Exploiting business opportunities ahead of the competition relies upon strong analytical tools which are agile yet are also powerful. Analysts within the business need such tools to be useful out of the box but will also need them to support advanced techniques when necessary.
Spreadsheets have always been the tool of choice for financial analysis and financial modelling. What about for data analysis and data modelling? Legacy spreadsheets had lookup functions that helped with data, non-numeric analysis, but as mentioned in an earlier post the fit was clumsy and error prone. Modern Excel, 2010 and beyond, include data tools either built right in or as add-ins from Microsoft. Power Query is a case in point. It’s built into Excel 2016 under the Data tab as “Get and Transform”.
Power Query uses a language informally called “M”. In this blog post with just a few lines of code a table of sales records is put through a “Get and Transform” process. The example here will add a cumulative running total automatically using the M language.
The Excel Query Editor contains three items:
- A query to extract the Sales data from a source and to add the index column
- A function called YTD() which returns a summation of the sales value for the given index plus all earlier periods; and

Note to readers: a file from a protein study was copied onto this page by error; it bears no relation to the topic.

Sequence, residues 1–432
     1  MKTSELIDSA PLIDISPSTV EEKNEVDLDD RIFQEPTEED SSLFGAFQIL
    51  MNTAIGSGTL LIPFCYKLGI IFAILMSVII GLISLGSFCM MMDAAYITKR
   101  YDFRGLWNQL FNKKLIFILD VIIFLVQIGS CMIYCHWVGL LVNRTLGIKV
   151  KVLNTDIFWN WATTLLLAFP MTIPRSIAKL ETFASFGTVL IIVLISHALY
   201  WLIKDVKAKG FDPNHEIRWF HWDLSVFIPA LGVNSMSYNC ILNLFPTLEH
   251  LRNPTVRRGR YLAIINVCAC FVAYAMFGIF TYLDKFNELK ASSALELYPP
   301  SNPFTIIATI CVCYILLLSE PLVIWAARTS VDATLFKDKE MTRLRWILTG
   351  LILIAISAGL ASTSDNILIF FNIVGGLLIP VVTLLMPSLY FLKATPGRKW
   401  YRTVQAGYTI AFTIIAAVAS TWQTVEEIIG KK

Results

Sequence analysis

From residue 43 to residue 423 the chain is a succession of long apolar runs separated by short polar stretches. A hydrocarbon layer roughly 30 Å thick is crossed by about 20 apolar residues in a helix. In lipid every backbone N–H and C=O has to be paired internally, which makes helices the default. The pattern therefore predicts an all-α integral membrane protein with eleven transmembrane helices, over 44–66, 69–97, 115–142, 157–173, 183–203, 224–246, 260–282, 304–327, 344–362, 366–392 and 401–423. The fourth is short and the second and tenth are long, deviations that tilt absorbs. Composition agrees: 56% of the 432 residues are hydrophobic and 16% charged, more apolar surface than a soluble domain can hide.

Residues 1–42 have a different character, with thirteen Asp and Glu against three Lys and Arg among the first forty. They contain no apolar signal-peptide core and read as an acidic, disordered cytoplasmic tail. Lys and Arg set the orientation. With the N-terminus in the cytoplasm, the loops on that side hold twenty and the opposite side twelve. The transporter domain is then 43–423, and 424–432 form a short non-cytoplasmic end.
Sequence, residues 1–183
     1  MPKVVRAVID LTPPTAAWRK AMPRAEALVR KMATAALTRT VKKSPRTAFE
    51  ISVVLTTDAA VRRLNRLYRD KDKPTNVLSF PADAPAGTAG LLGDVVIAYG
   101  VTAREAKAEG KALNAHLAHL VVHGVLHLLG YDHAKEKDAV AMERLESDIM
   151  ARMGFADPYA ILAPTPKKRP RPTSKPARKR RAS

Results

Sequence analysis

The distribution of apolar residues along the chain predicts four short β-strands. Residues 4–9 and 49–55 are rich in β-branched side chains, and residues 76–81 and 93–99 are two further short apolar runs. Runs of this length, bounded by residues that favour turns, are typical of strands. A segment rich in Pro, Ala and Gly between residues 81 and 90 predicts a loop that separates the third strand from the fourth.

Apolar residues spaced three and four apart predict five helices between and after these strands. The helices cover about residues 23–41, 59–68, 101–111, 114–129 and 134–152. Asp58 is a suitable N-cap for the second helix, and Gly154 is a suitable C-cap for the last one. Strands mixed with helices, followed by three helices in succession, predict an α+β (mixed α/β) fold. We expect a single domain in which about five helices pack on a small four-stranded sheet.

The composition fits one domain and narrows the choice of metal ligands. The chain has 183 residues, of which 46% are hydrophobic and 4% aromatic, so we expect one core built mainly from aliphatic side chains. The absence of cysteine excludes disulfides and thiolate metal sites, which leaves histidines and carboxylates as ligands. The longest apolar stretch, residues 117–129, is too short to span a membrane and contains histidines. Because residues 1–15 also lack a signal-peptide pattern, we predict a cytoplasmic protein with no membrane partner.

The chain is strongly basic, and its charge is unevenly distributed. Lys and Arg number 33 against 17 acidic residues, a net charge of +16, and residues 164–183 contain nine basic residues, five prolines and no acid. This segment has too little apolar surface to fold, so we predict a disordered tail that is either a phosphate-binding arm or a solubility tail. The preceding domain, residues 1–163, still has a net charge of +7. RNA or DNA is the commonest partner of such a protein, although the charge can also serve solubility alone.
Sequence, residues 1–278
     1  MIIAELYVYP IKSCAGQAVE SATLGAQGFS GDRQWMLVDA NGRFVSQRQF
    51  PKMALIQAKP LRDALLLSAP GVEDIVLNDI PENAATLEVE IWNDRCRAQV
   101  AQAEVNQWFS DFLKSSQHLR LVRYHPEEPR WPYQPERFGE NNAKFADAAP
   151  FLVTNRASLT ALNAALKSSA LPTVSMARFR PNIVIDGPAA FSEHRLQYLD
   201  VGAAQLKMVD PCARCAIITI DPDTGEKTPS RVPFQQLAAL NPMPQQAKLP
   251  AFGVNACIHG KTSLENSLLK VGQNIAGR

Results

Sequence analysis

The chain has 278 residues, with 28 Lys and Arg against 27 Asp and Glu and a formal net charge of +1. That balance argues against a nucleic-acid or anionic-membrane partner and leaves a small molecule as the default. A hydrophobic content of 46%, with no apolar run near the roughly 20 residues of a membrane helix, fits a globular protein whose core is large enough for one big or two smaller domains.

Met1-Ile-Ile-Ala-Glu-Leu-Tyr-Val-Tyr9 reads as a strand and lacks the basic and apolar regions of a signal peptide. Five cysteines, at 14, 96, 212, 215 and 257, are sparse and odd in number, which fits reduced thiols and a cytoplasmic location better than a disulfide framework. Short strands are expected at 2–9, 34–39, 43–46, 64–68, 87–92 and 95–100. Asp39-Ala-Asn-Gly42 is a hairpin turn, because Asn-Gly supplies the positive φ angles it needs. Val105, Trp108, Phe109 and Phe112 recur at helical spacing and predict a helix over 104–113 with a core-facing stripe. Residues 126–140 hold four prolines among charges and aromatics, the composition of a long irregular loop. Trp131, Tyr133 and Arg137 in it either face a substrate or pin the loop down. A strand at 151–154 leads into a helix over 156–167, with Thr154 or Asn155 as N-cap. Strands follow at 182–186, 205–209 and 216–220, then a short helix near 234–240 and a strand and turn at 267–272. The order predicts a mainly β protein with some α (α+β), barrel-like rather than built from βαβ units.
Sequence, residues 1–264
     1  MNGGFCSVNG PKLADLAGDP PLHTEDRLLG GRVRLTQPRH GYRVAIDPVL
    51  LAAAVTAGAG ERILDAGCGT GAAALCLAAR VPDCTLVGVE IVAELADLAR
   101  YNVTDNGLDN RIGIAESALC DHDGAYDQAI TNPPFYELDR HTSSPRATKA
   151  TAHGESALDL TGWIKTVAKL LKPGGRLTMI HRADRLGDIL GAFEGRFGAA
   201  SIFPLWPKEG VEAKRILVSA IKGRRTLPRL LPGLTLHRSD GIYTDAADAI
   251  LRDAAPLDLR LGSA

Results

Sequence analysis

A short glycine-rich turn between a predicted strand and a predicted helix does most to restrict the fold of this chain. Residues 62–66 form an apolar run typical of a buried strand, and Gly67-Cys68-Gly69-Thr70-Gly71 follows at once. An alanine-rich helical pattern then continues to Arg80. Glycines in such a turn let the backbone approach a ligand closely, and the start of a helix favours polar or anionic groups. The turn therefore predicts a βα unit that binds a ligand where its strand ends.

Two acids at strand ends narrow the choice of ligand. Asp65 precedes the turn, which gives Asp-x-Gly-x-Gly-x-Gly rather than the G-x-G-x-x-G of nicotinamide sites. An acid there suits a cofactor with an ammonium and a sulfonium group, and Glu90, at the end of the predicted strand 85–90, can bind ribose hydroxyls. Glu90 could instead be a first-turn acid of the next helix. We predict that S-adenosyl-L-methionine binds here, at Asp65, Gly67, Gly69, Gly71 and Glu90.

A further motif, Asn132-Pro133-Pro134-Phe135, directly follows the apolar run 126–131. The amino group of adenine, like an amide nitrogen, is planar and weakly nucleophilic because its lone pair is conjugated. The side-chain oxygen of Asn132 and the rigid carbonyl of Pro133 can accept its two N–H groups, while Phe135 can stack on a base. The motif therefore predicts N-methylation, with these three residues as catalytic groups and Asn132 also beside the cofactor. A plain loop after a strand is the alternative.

- A query that references the first query but adds the column “Running Total” which transforms the table into a richer data set to be loaded into Excel.
For example to calculate a result for the index value of 9, the function call is made “=YTD(9)” in another query. It will evaluate the sum of 285 plus 3714 automatically. Here’s the advanced part; It gets 3714 from @YTD(8) which it calls itself from within the “else” calculation inside the function itself. That inner result is evaluated as sum 280 plus 3434. Similarly it gets 3434 from YTD(7) which is evaluated as sum 368 plus 3066 and so on….until it reaches YTD(0) which is a terminal value detected by the “If index=0” then 497
The way that M handles recursion is that a function can call itself from inside that same function provided that it uses the @ symbol when calling itself. so @YTD(Index-1) is used each time that Index is above the value 0.
Here is a link to the above solution in a workbook.
At the heart of Excel’s “Get and Transform” or Power Query capability in the case of Power BI, the M language provides advanced transformational capability for the savvy analyst. The M language is not procedural but is a declarative and functional language which does not require the analyst to spell out every step; in contrast to VBA which does. So looping through data record by record is handled using elegantly concise function blocks, leaving time to instead analyse the insights and get ahead of your competition.